Congressman David Joyce : Federal Response to COVID-19

Federal Response to COVID-19

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Since the U.S. declared a public health emergency on January 31, 2020, the federal government has taken many steps to ensure the health, safety and economic security of the American people. These actions include but are not limited to:

  • implementing quarantine efforts
  • ordering unprecedented action on travel
  • passing and signing into law H.R 6074, the Coronavirus Preparedness and Response Supplemental Appropriations Act
  • declaring a national emergency
  • passing and signing into law H.R. 6201, the Families First Coronavirus Act
  • passing and signing into law S. 3548, the Coronavirus Aid, Relief, and Economic Security Act;
  • providing $16 billion to procure personal protective equipment (PPE), ventilators, and other medical supplies for federal and state response efforts;
  • incentivizing the development of vaccines to treat and prevent the spread of the virus
  • directing the Small Business Administration to provide loans to businesses affected
  • directing the Internal Revenue Service to administer tax credits to help small businesses impacted
  • directing the Department of the Treasury to defer tax payments for certain individuals and businesses impacted
  • waiving interest on student loans
  • providing emergency nutritional assistance for senior citizens, women, children, and low-income families
  • developing and distributing a test for the disease
  • equipping state and local public health partners with testing capacity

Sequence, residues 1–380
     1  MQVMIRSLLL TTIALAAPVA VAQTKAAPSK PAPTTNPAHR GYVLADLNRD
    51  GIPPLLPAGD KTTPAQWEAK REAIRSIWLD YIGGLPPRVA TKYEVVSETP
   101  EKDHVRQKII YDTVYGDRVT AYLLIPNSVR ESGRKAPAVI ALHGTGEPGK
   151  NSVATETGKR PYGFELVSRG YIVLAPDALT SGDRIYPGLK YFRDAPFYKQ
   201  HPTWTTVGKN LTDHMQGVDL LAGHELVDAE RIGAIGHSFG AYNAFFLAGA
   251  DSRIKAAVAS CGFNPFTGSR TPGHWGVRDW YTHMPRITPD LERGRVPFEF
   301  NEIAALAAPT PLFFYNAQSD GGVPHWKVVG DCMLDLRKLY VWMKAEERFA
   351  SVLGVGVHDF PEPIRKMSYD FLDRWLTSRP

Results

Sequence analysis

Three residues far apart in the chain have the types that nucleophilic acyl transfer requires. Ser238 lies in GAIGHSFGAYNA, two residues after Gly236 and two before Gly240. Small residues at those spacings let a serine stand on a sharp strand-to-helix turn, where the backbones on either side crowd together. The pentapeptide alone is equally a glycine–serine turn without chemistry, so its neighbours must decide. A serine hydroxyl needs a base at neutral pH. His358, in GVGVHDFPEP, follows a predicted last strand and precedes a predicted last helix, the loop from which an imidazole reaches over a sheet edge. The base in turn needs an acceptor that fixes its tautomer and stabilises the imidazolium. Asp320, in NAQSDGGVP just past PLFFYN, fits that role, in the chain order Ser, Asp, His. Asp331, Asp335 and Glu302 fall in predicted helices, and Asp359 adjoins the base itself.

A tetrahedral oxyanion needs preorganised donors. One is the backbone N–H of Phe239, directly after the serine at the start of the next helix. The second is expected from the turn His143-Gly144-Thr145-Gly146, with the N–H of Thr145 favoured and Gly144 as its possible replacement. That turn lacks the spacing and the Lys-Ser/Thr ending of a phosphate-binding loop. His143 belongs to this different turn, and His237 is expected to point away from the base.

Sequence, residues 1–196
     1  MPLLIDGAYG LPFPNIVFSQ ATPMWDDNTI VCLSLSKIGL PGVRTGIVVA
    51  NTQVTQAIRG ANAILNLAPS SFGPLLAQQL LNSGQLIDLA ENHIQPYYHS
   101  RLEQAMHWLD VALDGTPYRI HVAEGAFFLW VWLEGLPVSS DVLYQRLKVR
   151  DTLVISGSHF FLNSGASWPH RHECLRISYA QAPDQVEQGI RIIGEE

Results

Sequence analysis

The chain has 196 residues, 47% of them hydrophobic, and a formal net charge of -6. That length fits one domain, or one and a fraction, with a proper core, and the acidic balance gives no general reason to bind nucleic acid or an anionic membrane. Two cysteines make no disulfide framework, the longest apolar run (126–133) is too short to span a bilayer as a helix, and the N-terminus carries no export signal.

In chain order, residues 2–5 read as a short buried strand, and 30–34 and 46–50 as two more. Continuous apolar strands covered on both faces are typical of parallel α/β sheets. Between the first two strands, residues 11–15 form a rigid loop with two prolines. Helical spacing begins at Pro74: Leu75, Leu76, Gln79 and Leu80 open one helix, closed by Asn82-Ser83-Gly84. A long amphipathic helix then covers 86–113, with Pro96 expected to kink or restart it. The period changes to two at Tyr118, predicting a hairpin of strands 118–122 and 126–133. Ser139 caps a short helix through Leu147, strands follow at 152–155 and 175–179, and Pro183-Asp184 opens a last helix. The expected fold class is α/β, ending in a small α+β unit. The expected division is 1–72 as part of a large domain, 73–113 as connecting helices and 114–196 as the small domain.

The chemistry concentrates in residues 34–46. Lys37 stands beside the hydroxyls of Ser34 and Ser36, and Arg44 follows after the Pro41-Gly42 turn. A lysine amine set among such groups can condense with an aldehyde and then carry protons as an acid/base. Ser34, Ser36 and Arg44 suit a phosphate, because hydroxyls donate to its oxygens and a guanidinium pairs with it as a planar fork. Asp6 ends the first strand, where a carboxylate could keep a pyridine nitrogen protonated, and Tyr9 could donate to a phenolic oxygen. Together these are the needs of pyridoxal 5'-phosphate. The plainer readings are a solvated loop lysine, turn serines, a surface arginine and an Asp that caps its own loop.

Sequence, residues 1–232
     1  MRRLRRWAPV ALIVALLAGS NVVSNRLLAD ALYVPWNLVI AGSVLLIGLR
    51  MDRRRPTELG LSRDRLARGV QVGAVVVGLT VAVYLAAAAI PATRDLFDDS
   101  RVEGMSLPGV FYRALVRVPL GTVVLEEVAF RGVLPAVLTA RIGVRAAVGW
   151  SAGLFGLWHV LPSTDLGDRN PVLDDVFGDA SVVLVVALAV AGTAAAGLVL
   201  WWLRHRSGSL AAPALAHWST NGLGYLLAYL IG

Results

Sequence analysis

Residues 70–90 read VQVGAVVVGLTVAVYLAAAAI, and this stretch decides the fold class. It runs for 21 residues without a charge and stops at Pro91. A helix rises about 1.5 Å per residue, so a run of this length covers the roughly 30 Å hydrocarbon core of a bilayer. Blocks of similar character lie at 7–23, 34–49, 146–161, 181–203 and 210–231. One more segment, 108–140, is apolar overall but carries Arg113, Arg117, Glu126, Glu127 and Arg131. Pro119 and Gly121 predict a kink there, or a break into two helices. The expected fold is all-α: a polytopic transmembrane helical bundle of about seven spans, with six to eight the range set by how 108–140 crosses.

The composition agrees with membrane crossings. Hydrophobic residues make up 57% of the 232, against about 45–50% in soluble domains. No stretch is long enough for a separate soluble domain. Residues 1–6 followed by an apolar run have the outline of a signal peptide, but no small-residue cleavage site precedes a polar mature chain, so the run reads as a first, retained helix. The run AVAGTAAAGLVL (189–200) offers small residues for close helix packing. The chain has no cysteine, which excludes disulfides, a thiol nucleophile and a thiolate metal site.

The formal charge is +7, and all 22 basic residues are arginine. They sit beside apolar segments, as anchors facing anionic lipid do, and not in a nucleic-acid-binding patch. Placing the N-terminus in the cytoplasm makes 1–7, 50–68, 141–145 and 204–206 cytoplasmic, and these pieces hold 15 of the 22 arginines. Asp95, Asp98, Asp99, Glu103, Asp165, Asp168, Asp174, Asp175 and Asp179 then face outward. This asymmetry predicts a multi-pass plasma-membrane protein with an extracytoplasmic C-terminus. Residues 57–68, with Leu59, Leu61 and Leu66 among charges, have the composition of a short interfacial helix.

With the situation surrounding coronavirus rapidly evolving and so much information out there, I want to make sure you know what work is being done in Washington on your behalf. Below, I’ve laid out a timeline of the actions taken at the federal level to help Americans across the country confront the COVID-19 outbreak.

March 5, 2020

I joined 414 of my colleagues on both sides of the aisle in supporting H.R 6074, the Coronavirus Preparedness and Response Supplemental Appropriations Act. This bill provides $7.8 billion in emergency supplemental appropriations to strengthen our nation’s response to COVID-19. Specifically, it ensures our health professionals and local communities are fully equipped to combat the spread of this disease by providing nearly $1 billion to the CDC exclusively for state and local response efforts. I’m pleased to report that over $560 million of those funds have been distributed to state and local health departments across the country, including over $15.6 million to support response efforts in the Buckeye State.